Dickran Kouymjian California State University, Fresno Journal of the Society for Armenian Studies, vol. 12 (2001,2002, pub. 2003), pp. 86-88.

Review of Garo Kürkman, Ottoman Silver Marks, Istanbul: Mathusalem Publications

The government of the Ottoman sultans controlled the distribution of precious metals by testing the purity of the gold and silver used to fashion precious objects and strike coins. An official stamp (sah) guaranteeing the purity, usually 90% for silver, accompanied by the monogram signature (tughra) of the reigning sultan was stamped on all precious metalwork. The marking was done by a special assay office in the Ottoman mint. This practice is virtually unknown in other Islamic dynasties, thus, in one more respect, the Ottomans followed procedures established centuries earlier by the Byzantine imperial court. The system of silver marks begins with the reign of Mehmed the Conqueror just after the capture of Constantinople in 1453. In this remarkable book, Garo Kürkman presents readers with a luxurious volume and a dynamic manual for the study of Ottoman silverware as well as its coinage. The result is an accumulation of research begun decades ago by Kürkman whose interest and expertise in numismatics goes back to his youth. For the first time we have a systematic study of Ottoman assay marks and silver stamps, abundantly illustrated with beautiful photography of luxury metal objects, both religious and secular. Through these one can followed the history and development of Ottoman orfèverie. The works were additionally stamped with the craftsman’s hallmark and Garo Kürkman also catalogues these. They date from the eighteenth to the early twentieth century.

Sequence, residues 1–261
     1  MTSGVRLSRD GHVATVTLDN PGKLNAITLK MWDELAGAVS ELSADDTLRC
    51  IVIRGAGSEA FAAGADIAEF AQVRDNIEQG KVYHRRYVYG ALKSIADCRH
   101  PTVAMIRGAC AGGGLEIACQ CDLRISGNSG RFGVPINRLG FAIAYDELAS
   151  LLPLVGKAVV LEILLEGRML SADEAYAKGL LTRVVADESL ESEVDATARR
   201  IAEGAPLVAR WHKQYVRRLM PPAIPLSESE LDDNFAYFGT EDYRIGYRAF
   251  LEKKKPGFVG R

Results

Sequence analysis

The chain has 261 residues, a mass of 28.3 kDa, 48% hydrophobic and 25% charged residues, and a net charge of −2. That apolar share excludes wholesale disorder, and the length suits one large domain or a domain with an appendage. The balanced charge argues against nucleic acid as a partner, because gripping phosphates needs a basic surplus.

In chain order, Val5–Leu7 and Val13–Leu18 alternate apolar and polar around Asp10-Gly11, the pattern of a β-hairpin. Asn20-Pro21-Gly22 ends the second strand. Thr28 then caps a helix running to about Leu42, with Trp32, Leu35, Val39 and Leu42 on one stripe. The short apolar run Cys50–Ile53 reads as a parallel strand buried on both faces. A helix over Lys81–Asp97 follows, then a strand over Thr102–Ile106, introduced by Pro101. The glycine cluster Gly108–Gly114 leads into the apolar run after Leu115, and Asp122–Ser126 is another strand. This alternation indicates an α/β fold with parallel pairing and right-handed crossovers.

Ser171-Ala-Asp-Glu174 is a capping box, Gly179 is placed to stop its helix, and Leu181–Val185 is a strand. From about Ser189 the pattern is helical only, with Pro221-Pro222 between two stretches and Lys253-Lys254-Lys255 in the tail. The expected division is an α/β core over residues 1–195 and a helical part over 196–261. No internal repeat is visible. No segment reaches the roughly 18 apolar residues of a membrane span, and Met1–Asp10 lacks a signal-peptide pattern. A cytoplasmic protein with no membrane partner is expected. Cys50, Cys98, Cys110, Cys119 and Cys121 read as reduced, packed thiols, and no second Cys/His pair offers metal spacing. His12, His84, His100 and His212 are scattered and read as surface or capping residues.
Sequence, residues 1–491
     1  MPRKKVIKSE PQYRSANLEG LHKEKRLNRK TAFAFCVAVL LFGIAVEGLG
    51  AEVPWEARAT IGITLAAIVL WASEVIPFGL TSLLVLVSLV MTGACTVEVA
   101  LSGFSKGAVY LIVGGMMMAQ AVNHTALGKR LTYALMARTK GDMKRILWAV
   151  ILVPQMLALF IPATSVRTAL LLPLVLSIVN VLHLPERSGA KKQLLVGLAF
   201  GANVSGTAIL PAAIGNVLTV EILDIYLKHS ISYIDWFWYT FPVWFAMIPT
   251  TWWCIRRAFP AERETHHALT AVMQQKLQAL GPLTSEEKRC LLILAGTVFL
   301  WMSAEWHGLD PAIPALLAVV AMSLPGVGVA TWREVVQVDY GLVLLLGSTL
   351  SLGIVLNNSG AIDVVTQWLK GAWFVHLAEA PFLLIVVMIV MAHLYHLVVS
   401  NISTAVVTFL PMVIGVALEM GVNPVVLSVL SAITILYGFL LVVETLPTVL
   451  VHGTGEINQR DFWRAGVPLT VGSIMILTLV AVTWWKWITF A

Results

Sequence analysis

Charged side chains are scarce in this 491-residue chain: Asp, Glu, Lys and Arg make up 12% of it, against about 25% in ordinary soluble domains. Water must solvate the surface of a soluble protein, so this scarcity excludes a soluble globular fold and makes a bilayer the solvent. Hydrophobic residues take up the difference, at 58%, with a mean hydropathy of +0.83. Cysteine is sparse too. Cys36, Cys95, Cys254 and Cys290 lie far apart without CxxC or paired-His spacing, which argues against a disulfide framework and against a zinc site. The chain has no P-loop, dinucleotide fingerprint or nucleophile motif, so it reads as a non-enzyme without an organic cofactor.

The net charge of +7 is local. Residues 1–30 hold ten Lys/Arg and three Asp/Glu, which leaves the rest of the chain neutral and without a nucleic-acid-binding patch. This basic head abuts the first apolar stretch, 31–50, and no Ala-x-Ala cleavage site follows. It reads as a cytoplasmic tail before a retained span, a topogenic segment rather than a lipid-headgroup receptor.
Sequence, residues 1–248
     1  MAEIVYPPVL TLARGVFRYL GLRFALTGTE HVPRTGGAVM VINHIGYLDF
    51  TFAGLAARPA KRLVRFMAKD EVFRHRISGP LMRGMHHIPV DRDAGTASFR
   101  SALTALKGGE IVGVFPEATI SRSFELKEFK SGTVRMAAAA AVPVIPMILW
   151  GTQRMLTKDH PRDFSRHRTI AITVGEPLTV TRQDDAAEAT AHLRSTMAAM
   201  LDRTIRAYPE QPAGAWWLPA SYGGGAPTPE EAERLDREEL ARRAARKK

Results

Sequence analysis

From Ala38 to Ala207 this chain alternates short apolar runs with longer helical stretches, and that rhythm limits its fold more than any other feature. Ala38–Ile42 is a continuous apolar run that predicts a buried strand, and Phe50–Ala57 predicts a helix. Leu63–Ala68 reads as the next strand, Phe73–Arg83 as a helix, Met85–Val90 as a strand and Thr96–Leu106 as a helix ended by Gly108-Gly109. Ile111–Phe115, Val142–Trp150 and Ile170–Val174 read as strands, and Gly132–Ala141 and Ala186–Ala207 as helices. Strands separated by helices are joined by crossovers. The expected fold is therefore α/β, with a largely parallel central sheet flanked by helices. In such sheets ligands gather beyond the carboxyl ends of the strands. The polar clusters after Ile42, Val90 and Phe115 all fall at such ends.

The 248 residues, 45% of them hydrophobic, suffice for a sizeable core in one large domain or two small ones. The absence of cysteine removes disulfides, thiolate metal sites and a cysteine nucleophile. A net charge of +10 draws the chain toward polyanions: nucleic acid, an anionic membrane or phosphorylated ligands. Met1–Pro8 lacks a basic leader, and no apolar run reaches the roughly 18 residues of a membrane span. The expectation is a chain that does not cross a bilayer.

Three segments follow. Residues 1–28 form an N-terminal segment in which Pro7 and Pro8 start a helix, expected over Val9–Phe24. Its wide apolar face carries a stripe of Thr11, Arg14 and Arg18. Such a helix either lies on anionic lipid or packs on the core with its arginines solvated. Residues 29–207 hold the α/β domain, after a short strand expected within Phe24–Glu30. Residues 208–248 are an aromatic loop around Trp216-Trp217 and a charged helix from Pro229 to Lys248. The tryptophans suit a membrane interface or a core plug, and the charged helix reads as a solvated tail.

Taken together the study combines a history of Ottoman and Middle Eastern coin production, the history and development of the tughra from its primitive tribal form to its imperial perfection, a catalogue of assay marks (sah), a catalogue of craftsmen’s marks and town marks also at times found on objects, a sample of forged tughra marks, and a number of appendices with reproduction of important chancellery documents: list of Ottoman sultans and their reigns and lists of silversmiths, goldsmiths, and related crafts. There is also a bibliography and an index.

The study of Byzantine silver marks and their arrangement by emperors has allowed art historians to develop clear ideas of dating, especially in the pre-iconoclastic period. The ability to compare stylistic and iconographic changes in motifs on metalwork dated within the narrow confines of the ruler’s reign has served to help date art in other media, miniature painting, ivory, mosaic, textiles. So too the stylized tughra-stamps of the Ottoman sultans as well as the hallmarks of the silversmiths and the monograms of the Anatolian cities allows us to date rather precisely the enormous quantities of precious metal objects which have survived from the Ottoman period. The great mass of this metal work is from the later centuries, seventeenth and after. A dramatic silver crisis in the Islamic east, dominated by the Ottoman Empire, resulted in the seizure and the melting down of tens of thousands of objects by the Sublime Porte to provide silver bullion for the striking of coins during this period of shortage, thus explain the scarcity of silver work prior to the eighteenth century.